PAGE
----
Managing Your Mitochondria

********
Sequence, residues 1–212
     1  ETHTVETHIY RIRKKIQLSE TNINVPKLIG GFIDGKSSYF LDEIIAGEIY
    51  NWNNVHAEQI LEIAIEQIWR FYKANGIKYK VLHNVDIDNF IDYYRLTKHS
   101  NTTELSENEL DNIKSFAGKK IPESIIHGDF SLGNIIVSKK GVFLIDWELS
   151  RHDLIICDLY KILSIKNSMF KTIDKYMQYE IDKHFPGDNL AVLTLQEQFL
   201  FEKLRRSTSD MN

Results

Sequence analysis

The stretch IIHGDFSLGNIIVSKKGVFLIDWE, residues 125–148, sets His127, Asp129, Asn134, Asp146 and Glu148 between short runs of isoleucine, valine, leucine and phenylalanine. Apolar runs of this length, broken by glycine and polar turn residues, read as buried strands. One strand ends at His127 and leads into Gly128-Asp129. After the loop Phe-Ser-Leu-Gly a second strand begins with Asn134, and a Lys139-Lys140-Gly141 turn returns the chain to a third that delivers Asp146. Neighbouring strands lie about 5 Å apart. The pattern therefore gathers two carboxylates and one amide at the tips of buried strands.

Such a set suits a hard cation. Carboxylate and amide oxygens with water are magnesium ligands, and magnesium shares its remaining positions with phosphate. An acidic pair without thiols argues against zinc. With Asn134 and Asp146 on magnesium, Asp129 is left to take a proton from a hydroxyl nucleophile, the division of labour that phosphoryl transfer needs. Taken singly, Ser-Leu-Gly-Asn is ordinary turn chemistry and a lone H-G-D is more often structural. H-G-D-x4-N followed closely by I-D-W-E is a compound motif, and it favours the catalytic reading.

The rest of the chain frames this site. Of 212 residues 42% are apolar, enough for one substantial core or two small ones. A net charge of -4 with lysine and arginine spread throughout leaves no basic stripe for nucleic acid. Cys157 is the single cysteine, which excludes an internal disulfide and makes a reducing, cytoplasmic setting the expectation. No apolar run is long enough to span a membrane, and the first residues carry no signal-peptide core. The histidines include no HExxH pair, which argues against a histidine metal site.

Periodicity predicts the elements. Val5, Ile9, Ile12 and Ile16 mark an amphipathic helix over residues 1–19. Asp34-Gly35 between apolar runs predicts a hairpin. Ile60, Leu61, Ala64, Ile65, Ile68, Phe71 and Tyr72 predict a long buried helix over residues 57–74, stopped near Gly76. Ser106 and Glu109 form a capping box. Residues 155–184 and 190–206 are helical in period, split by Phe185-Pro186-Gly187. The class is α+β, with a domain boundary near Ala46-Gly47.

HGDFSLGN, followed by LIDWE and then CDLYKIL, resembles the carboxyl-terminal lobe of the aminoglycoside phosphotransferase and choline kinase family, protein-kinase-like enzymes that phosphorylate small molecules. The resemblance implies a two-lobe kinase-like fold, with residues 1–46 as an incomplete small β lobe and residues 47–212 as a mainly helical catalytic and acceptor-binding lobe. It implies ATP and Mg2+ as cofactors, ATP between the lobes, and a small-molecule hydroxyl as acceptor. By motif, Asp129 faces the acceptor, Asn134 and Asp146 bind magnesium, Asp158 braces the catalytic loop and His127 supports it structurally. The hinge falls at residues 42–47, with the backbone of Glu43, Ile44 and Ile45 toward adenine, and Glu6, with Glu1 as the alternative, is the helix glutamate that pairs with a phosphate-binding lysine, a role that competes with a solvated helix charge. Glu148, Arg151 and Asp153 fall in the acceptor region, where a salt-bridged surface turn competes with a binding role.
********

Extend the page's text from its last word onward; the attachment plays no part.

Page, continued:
October 03, 2011Managing Your Mitochondria Competency # 4 ACTIVITY Reference:  Nutrition Action Health Letter, December 2006 If you thought keeping a trim waistline was a bummer, then you thought it was all about eating less food and exercising more.   At the bottom of it all, that would be true.  But that may be sort of like saying the only way to fly across the Atlantic is in the Spirit of St. Louis.  Sort of slow! Takes a day and a half.  Not much room for passengers.  Navigation requires watching for cathedrals in France and aiming for the Eiffel Tower.  We can do better than that.  We can zoom across the Atlantic now in just a few hours on a supersonic jet.  Can we manage our waistlines better too?  The answer would be yes.  But you have to understand the core processes. Mitochondria are the key.  This may take a week or two, but I’m starting a series here.  First, I’ll explain what a mitochondria is.  Then we will explore how they manage your energy supply.  Then we will go into the details of how to keep them healthy.  Finally, it will be about how to supercharge them. Step One.  What are they?  Mitochondria are tiny little oblong “organelles” inside each and every cell.  A couple of hundred million years ago, a bacteria invaded a much bigger cell.  That tiny bacteria was really good at making energy.  It was willing to share with its bigger host.  The bigger cell liked that and sort of let the little guy hang around.  The two got along famously.  When the bigger cell divided, the little one did too.  It took up housekeeping and made many more copies of itself.  Today, mitochondria are still there.  They are tiny organelles inside all your cells.  They have taken over the job of converting sugars and fats into energy molecules.  They ship the energy molecules out to the rest of the cell.  Mitochondria have their own DNA and their own genes. You get them only from your mother, so we can trace your maternal lineage very accurately.  They mutate very slowly, but at a steady regular rate.  The more mutations we find, the further apart human populations are.  It’s following and tracing the genetic differences in mitochondria that allows us to confidently say that we humans all descended from one lovely young lady living somewhere in Sudan or Ethiopia some 75,000 years ago.  Those of us who ended up in the Yucatan have one set of mutations.  Those of us who found our way to Fiji, another set, India, yet another and Finland, another still.  Milwaukee has them all.  All mixed up. Our hardest working cells have some 2,000 mitochondria in each of them occupying a little more than 50% of the cell.  Heart cells, for example are almost 60% mitochondria and only 30% muscle fibers.  That’s because heart cells never stop working.  Then there is brain, muscle, liver, kidney and you get the drift.  Mitochondria are our power grid.  Without them, we couldn’t efficiently burn energy.  And burning energy is what each cell has to do.    Burn baby, burn. WWW:  What Will Work for me.  I need to learn about mitochondria.  My first key takeaway lesson is that it’s not just energy in = energy out.  Of course that’s true.  I want to make sure my energy grid is up and working.  With the high price of oil, I mean fat, it’s time I burn my own energy efficiently.  I want to be jet powered.

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